TIJUANA, Mexico (Reuters) - Thousands of Buddhists, Roman Catholics, Christian Evangelicals, Hare Krishnas and Jews joined on Wednesday to pray for an end to Mexico’s drug war, which has killed some 4,500 people this year.
Surrounded by giant candles, dancing Hare Krishnas, bearded Orthodox rabbis and robed Catholic priests prayed for hours in a convention center in the violent U.S.-Mexico border city of Tijuana. About 3,500 people took part in the demonstration.
“Thousands of us have prayed for the same cause,” said event organizer and Catholic worshiper Lidia Aceves. “We are Catholics, Evangelicals, Buddhists, Hare Krishnas and Jews who are tired of the violence, with God as our only hope.”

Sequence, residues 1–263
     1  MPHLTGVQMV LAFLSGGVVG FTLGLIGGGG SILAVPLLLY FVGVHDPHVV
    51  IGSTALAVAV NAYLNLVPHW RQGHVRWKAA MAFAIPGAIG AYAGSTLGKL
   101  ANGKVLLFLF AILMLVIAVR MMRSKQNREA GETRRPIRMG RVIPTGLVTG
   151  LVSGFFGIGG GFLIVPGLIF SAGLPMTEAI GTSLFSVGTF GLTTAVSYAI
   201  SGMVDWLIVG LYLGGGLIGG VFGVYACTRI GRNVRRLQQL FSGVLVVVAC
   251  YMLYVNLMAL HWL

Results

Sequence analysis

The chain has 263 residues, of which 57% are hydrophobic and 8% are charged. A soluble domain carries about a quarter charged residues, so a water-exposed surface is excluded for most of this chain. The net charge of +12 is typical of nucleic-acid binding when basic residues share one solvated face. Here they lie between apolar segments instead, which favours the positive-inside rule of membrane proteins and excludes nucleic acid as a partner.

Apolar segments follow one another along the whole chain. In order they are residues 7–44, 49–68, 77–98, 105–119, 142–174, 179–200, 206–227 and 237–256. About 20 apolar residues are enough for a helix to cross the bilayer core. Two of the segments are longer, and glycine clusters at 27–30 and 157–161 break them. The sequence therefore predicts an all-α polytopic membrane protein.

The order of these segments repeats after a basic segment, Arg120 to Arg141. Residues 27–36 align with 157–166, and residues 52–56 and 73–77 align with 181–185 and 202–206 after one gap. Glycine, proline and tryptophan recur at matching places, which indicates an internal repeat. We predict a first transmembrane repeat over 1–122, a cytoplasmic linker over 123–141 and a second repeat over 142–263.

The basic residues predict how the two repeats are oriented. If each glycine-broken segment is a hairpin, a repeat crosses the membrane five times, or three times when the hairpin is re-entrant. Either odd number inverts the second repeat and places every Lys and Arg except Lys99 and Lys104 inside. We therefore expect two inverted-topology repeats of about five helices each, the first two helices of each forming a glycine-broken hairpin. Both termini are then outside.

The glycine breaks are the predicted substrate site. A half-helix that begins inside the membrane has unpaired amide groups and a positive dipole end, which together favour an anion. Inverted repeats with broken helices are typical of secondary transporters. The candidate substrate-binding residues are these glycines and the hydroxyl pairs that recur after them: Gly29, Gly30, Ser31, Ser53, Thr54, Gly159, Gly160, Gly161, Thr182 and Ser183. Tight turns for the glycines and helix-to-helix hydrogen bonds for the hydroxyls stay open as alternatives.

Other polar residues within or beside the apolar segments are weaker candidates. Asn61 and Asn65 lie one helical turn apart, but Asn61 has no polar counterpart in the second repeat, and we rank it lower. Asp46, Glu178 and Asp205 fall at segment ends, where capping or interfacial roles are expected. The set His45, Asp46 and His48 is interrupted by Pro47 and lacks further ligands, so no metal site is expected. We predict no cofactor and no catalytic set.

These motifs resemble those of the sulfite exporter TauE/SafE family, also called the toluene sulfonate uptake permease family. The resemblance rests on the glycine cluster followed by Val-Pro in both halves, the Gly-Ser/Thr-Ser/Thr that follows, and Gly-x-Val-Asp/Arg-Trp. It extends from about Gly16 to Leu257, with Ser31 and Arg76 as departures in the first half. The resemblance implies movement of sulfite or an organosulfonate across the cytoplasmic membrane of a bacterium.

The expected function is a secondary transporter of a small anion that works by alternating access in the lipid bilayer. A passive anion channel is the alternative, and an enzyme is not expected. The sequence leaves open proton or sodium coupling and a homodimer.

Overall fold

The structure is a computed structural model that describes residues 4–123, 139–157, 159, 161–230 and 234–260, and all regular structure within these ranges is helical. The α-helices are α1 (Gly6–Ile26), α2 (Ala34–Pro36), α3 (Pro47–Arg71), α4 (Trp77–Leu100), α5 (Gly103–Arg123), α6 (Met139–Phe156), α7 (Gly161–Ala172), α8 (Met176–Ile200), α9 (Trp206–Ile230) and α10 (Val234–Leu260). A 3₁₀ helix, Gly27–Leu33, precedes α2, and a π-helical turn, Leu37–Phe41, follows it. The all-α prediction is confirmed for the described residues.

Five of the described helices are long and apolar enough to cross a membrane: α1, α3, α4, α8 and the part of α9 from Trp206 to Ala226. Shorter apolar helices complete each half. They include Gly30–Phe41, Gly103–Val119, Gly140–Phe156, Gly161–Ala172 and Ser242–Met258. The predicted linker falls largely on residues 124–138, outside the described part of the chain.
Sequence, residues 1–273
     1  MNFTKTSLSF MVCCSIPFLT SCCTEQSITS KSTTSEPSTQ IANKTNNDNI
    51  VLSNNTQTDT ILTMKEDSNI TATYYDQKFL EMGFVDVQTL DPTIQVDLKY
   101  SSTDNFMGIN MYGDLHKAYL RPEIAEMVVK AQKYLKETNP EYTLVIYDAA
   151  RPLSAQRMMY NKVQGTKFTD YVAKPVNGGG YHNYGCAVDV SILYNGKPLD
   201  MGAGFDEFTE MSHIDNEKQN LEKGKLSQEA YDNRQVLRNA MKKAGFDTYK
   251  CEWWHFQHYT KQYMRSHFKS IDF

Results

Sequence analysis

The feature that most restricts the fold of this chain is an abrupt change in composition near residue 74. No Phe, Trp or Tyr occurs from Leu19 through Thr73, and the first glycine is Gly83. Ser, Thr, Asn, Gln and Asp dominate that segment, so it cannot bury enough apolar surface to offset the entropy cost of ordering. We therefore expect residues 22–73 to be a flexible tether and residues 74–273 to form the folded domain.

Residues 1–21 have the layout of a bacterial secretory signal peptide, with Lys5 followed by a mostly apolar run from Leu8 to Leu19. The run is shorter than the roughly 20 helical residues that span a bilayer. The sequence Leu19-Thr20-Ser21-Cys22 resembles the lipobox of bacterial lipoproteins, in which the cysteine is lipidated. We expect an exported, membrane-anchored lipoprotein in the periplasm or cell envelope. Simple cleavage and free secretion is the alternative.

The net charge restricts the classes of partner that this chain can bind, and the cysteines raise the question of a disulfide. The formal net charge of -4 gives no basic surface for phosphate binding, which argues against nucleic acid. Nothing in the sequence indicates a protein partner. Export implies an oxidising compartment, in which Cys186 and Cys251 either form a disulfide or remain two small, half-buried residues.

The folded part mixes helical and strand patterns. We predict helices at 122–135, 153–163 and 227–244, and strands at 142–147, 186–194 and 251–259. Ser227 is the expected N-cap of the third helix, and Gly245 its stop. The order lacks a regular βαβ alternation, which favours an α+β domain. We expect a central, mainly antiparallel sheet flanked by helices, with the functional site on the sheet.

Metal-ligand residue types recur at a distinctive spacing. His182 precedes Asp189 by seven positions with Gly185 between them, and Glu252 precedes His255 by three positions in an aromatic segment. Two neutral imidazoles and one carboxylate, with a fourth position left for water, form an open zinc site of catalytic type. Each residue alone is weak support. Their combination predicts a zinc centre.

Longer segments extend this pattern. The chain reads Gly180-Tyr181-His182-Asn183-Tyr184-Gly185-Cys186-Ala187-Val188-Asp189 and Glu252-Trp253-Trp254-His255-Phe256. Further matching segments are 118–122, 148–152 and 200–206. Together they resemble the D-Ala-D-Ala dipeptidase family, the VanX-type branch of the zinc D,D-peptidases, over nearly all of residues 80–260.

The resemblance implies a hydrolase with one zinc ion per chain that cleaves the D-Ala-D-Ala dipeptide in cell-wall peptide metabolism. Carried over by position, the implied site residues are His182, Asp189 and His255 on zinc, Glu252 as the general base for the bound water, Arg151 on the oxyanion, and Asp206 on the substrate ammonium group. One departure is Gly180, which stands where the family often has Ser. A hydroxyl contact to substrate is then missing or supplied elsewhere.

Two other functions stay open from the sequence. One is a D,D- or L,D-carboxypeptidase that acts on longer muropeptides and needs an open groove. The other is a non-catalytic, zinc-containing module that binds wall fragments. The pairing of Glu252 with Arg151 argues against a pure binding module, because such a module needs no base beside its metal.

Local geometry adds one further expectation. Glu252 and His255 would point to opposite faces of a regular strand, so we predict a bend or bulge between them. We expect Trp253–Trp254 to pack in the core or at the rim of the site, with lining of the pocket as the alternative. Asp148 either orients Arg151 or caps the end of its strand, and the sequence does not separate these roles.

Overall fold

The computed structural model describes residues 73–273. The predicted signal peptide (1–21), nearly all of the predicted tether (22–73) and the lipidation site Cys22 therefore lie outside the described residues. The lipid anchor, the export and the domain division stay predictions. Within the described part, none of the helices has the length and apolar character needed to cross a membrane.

Mexico is facing spiraling drug violence, especially along its border with the United States, and cities such as Tijuana are seeing horrendous levels of crime, with bodies set on fire, cut up and dumped in acid and strung over highways.
Beheadings, kidnappings and daylight shootings have become a daily occurrence as vicious drug cartels fight over smuggling routes into the United States.
President Felipe Calderon has sent some 40,000 troops and federal police across Mexico to try to stop the killings but despite major drug seizures and arrests, they continue.
Reporting by Lizbeth Diaz; Editing by Bill Trott